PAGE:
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DCDS

We consider the question of computing invariant measures from an abstract
point of view. Here, computing a measure means finding an algorithm which can
output descriptions of the measure up to any precision.
We work in a general framework (computable metric spaces) where this problem can be posed precisely. We will find
invariant measures as fixed points of the transfer operator.
In this case, a general result ensures the computability of isolated
fixed points of a computable map.

We give general conditions under which the transfer operator is computable on a suitable set. This implies the computability of many "regular enough" invariant measures and among them many physical measures.

On the other hand, not all computable dynamical systems have a computable invariant measure. We exhibit two examples of computable dynamics, one having a physical measure which is not computable and one for which no invariant measure is computable, showing some subtlety in this kind of problems.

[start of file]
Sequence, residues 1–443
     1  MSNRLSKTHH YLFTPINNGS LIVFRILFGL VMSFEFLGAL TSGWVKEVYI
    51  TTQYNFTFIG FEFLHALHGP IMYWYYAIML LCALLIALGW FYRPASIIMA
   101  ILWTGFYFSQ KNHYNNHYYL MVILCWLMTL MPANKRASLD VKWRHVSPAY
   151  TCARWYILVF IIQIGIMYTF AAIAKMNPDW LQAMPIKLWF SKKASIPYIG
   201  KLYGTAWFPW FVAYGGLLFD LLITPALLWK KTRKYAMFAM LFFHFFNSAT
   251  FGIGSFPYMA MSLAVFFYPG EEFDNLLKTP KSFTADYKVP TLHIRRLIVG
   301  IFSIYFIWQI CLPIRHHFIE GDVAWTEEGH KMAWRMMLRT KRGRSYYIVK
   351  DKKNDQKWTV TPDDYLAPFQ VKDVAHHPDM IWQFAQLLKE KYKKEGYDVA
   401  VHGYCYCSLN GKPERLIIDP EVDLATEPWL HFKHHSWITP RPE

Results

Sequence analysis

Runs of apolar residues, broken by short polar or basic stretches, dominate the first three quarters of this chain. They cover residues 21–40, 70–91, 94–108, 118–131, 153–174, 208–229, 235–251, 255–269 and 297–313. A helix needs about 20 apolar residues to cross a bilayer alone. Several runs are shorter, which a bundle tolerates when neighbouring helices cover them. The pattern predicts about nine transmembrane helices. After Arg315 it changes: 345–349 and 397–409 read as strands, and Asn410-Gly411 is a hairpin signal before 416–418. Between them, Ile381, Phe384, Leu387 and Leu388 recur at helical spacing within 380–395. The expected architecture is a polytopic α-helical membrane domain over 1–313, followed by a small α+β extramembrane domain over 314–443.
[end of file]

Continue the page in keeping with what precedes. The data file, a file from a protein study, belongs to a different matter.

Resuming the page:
We give general conditions under which the transfer operator is computable on a suitable set. This implies the computability of many "regular enough" invariant measures and among them many physical measures.

On the other hand, not all computable dynamical systems have a computable invariant measure. We exhibit two examples of computable dynamics, one having a physical measure which is not computable and one for which no invariant measure is computable, showing some subtlety in this kind of problems.

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